Do Your PPC Keywords Mean What You Think They Mean?

This past week I was reviewing search query reports (SQRs) and came across a whole batch of keywords related to European soccer. This was perplexing since the advertiser had no products even remotely related to European soccer. So where were these queries coming from? The first step is to add the Keyword column to your SQR.

While looking at your SQR, underneath the tabs in the main area you’ll see a Columns drop down box. Click that and select the “Customize columns” option (as highlighted below)

Customize AdWords Columns

Once open you’ll see the three main areas; Performance, Conversions & Attributes. Choose Attributes and you’ll see the Keyword column. Click “Add” and then Save at the bottom of the window.

Keyword Column

With this column available I could quickly see that the offending keyword was a phrase match on “fixtures”. The British definition of a fixture is a sports match or social event. Thus we were getting impressions (and unfortunately clicks) from searches for Premier League soccer matches and games involving Real Madrid, Bayern Munchen, Arsenal, Chelsea, etc. And keep in mind that this campaign targets only the United States.

“I do not think it means what you think it means”

If you don’t recognize it, the headline above is a quote from the movie The Princess Bride from Inigo Montoya. In the movie the evil genius Vizzini keeps uttering the word “Inconceivable” after each and every feat accomplished by the hero. After a few times, Inigo says “You keep using that word. I do not think it means what you think it means.” Are there keywords in your account that don’t mean what you think they mean? I offer a couple examples.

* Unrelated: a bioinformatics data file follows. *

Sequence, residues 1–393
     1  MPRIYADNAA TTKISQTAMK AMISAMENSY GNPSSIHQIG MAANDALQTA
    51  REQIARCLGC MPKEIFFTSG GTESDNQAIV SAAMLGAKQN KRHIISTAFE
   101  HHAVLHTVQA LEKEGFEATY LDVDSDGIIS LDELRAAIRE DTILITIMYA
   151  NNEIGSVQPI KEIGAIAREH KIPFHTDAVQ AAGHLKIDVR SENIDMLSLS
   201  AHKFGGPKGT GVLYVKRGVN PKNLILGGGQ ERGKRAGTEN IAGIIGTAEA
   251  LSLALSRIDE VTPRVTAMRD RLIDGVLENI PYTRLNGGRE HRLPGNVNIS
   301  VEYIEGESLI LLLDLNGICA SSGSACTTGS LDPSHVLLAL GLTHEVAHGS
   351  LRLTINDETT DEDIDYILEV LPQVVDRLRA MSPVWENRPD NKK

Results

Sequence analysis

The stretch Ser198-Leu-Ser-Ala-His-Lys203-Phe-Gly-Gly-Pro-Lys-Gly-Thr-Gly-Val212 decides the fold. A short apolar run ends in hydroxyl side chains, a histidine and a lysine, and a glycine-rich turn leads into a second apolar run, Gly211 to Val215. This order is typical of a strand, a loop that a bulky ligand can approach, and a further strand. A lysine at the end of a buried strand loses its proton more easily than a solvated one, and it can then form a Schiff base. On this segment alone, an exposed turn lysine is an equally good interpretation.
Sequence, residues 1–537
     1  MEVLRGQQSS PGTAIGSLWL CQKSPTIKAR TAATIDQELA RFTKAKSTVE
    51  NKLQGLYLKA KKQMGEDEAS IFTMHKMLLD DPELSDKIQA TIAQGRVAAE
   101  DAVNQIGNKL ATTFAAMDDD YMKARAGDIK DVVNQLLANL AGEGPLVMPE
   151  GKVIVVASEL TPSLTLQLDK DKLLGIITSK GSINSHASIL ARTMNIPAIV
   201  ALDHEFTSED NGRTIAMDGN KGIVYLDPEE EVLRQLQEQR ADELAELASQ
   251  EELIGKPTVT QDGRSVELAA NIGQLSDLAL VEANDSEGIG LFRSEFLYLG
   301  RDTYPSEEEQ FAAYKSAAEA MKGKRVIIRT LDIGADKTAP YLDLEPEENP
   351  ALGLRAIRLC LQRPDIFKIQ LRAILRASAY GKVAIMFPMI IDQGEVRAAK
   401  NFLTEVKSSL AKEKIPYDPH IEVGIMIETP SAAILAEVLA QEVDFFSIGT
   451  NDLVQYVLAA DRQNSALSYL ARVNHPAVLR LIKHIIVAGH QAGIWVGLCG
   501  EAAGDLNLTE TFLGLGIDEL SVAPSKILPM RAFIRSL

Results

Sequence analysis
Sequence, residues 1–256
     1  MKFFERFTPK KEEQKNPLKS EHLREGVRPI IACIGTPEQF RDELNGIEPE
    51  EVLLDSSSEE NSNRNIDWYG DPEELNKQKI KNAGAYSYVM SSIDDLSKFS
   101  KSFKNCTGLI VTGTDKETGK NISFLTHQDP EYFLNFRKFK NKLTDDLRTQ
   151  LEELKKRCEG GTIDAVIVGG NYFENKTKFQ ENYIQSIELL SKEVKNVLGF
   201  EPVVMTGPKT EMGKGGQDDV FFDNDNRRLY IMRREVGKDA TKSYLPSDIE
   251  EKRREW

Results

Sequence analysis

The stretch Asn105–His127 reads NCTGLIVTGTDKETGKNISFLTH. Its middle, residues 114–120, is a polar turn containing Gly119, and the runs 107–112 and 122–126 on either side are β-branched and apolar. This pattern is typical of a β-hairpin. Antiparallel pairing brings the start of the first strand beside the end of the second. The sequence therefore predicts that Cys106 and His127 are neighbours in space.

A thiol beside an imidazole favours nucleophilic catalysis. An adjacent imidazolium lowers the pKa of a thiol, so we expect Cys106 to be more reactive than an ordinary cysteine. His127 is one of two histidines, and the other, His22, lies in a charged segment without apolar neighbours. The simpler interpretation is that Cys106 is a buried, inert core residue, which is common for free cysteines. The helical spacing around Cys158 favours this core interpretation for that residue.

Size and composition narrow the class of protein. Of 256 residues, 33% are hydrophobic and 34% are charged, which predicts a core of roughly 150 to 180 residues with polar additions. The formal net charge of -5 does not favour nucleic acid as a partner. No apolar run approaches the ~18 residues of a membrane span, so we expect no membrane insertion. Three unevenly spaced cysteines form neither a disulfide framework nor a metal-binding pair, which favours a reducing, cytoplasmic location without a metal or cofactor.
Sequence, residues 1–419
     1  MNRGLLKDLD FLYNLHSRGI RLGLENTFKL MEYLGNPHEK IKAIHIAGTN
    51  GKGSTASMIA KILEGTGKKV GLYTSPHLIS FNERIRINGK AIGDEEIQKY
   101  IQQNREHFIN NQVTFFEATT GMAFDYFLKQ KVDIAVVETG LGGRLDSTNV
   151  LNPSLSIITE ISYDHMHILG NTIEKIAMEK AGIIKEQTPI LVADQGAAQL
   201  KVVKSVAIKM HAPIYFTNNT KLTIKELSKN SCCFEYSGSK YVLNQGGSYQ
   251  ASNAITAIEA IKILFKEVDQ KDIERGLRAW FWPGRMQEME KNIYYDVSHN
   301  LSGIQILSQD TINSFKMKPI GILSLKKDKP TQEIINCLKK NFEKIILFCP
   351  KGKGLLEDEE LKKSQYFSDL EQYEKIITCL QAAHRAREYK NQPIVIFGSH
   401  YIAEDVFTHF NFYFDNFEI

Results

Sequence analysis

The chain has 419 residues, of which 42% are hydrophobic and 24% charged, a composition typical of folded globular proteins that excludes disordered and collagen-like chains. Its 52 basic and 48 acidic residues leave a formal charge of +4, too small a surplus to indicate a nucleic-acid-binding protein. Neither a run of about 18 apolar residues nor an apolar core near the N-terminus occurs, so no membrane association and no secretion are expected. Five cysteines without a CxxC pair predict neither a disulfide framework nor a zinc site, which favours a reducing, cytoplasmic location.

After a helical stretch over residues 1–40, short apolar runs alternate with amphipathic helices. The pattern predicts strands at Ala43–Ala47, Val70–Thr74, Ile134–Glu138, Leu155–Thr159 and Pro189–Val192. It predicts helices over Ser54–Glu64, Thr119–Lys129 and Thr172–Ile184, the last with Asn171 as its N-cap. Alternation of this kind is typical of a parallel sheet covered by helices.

First, what would you call the game with two players, each holding a paddle and volleying a small, white, plastic ball back and forth over a net attached to a table? Most likely you said ping pong, but what if your potential customers answered table tennis?

Second, what if you’re a book seller and you are selling copies of the Bible? Say you’ve got a keyword for “King James” that isn’t performing very well. For any NBA fans, you’ll quickly recognize that King James is a common nickname for LeBron James of the Miami Heat. Not exactly what you’re going for I would guess.

The moral of this story is that many keywords may have more than one meaning, especially when you consider slang usage. You should be reviewing your SQRs regularly to find these terms and adding negative keywords to ensure your ads are getting relevant impressions.